The original ‘Heartbreak High’ is an Australian television show that ran from 1994 through 1999 and was one of the world’s most popular high school drama series. The new series, which airs globally on Netflix, picks up the show with a new story and a new set of teens, following their day to day actions and emotions with their friends and families.
The series, directed by Grace Otto, Adam Murfet, Jessie Oldfield and Neil Sharma, features Simon Ozolins and Drew English as directors of photography. Both production and post production were completed in Australia.
Post production for ‘Heartbreak High’ was completed through Blue Post in Sydney, and colourist Fergus Rotherham, also in Sydney, was hired to help create the look of this 2022 series. A part of Fergus' challenge was about determining a new modern image, while still paying homage to the show’s original feeling. He is a freelance colourist who has had experience working on a large number of commercial, TV and film projects around the world since first learning to use DaVinci Resolve Studio in 2014.
4K HDR Dolby Vision
“DaVinci Resolve was used on ‘Heartbreak High’ even before cameras started rolling,” he said. “It started with early discussions with Simon and Grace, the director, when we worked out how to create a nostalgic look with a modern take. We wanted to retain some grit and texture from the original but also bring through some new colour to give it a playful, contemporary edge. From there, Simon and I spent time in pre-production designing a show LUT on Resolve.”
Following production of each episode, Fergus would start to work on the grade and prepare it for delivery in 4K HDR Dolby Vision. He took advantage of DaVinci Resolve Studio’s various management features and time saving tools to give him the chance to focus on the craft aspects of colour correction despite the need to keep up with the quick TV series time frame.
“Resolve is incredibly efficient, and the ability to set the administration rules and use the same node structure on each episode saved a lot of time throughout the grading period,” he said. “Also, features such as curves, stills management, timeline sorting and the ability to record from multiple sources simultaneously are very powerful when we’re working at such a fast pace.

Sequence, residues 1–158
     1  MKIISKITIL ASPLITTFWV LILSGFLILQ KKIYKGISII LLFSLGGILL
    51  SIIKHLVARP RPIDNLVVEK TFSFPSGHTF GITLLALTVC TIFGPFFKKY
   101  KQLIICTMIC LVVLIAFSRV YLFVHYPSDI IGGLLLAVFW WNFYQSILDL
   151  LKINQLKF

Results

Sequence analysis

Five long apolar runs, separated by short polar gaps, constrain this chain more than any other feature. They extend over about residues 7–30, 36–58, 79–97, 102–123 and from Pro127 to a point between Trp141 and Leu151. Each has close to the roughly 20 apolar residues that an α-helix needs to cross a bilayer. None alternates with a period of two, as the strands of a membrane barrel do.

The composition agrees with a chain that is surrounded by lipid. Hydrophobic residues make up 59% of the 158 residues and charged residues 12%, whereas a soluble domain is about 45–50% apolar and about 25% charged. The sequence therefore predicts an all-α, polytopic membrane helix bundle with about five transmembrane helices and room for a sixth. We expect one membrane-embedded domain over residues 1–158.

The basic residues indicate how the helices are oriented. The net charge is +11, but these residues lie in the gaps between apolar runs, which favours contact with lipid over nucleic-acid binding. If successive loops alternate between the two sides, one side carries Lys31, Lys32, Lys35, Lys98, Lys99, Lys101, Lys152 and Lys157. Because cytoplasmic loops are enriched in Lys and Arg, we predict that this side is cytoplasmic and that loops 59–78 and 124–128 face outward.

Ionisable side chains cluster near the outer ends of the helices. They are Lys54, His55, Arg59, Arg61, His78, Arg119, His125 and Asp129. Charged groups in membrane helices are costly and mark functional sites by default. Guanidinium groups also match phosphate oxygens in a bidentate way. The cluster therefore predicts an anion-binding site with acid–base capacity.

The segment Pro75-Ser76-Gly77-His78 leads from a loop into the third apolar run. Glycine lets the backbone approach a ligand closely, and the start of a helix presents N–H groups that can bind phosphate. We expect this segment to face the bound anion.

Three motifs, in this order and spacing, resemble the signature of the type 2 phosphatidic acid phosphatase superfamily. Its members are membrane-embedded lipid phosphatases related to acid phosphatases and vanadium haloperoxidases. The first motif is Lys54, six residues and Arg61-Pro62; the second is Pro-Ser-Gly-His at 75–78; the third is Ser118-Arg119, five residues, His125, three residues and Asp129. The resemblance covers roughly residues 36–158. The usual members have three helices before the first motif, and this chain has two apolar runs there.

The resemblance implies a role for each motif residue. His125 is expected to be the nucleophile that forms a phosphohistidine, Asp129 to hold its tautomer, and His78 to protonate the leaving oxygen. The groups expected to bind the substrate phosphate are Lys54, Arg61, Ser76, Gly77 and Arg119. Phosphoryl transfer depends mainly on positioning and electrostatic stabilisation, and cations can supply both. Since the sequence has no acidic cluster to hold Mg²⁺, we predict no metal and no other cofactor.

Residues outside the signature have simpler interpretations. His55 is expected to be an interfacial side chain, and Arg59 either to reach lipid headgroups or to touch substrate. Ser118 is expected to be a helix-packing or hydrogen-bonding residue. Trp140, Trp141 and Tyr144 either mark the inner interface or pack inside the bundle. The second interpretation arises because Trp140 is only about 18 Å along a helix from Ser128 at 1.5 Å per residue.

“I used the HDR grading wheels frequently throughout the show to retrieve detail or adjust the contrast curve. Split screen was another tool we used often to compare scenes and make sure the look was the same throughout each episode. It also gave us a great storyboard of the look as it was developed.”
Consistency was a primary concern. To help maintain consistency throughout each episode while working at a fast pace, he worked in Resolve Studio using the DaVinci Resolve Advanced Panel. He noted, “As a freelancer I use the Resolve Micro Panel more frequently than the Advanced. However, for series or feature work that master in HDR and require a trim pass for the deliverables, I find the Advanced Panel’s trim controls save a lot of time during the process.” The Resolve advanced panels are among the only panels available that are mapped with trim controls for Dolby Vision.
After Dolby Vision analysis has been completed on video, Resolve maps the content to a selected target display. Dolby Vision content mapping algorithms are designed to reflect the creative intent in the HDR master image and from there, the colourist can use the Dolby Vision trim controls to modify the mapped look as needed.
Shared Nodes and Special Plug-ins
“One tool that I did keep coming back to for the series for speed was the shared node,” Fergus said. “I can share individual nodes across multiple clips, which allows simultaneous correcting and grading on all clips while maintaining the properties from the clip-specific nodes. I used this in conjunction with the append node for selected clips, which I had mapped to my keyboard.
“This allowed us to try new ideas efficiently or tweak a scene in just a few seconds. We also used a variety of the OFX plug-ins that are built into Resolve to achieve a disorientated feeling in scenes or enhance lighting setups to elevate a narrative beat, as well as the odd clean up with patch replacer.” www.blackmagicdesign.com